Community-oriented policing to reduce crime, disorder and fear and increase satisfaction and legitimacy among citizens: a systematic review
Systematically review and synthesize the existing research on community-oriented policing to identify its effects on crime, disorder, fear, citizen satisfaction, and police legitimacy.
We searched a broad range of databases, websites, and journals to identify eligible studies that measured pre-post changes in outcomes in treatment and comparison areas following the implementation of policing strategies that involved community collaboration or consultation. We identified 25 reports containing 65 independent tests of community-oriented policing, most of which were conducted in neighborhoods in the United States. Thirty-seven of these comparisons were included in a meta-analysis.
Our findings suggest that community-oriented policing strategies have positive effects on citizen satisfaction, perceptions of disorder, and police legitimacy, but limited effects on crime and fear of crime.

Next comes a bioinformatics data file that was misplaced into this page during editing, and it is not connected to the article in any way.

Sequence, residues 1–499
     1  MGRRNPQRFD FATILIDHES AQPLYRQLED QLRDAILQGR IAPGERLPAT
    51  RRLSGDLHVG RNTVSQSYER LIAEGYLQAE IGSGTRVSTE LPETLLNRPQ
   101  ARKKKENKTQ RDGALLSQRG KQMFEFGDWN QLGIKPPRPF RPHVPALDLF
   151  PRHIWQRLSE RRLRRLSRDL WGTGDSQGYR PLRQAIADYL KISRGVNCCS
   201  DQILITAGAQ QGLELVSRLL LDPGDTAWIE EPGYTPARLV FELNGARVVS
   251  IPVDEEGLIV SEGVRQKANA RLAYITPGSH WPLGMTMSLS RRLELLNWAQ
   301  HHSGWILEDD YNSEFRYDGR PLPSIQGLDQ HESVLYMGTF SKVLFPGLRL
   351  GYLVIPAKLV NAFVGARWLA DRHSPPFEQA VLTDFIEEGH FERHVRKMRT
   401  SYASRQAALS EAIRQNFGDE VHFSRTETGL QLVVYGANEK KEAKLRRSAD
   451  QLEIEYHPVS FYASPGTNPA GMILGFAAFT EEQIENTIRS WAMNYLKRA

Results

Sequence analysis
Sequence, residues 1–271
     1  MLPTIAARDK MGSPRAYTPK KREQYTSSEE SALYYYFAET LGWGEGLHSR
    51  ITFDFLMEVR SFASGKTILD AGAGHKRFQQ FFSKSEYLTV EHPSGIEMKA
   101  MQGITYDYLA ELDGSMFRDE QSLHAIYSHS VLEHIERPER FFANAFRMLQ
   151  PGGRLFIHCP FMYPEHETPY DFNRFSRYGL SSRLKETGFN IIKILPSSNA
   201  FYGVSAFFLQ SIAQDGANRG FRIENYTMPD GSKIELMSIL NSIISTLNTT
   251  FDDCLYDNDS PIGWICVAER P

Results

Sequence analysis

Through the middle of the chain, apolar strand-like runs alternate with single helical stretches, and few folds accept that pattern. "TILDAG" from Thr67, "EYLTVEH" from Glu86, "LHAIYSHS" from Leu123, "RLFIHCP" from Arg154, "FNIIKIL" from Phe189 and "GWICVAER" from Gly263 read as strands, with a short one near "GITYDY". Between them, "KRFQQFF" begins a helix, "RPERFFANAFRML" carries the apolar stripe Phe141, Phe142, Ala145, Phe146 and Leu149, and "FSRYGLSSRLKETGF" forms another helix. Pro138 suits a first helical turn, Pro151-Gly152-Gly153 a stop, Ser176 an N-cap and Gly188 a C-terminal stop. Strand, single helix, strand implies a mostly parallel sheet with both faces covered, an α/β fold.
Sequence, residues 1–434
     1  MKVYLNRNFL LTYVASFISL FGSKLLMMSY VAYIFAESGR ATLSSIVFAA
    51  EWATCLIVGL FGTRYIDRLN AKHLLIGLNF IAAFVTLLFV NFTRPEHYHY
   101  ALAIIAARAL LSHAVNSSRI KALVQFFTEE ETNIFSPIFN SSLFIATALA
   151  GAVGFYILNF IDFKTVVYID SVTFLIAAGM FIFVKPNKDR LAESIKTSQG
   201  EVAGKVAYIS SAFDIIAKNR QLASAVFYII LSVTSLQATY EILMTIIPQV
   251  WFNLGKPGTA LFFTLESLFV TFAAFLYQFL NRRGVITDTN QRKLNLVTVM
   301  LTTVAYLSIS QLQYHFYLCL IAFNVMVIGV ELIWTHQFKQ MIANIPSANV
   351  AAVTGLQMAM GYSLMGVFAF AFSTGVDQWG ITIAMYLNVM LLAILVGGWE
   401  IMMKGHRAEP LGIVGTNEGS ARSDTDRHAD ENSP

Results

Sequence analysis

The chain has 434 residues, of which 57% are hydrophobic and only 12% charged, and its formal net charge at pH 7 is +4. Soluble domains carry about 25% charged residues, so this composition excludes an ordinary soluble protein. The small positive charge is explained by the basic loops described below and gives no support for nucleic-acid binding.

Our review provides important evidence for the benefits of community policing for improving perceptions of the police, although our findings overall are ambiguous. The challenges we faced in conducting this review highlight a need for further research and theory development around community policing. In particular, there is a need to explicate and test a logic model that explains how short-term benefits of community policing, like improved citizen satisfaction, relate to longer-term crime prevention effects, and to identify the policing strategies that benefit most from community participation.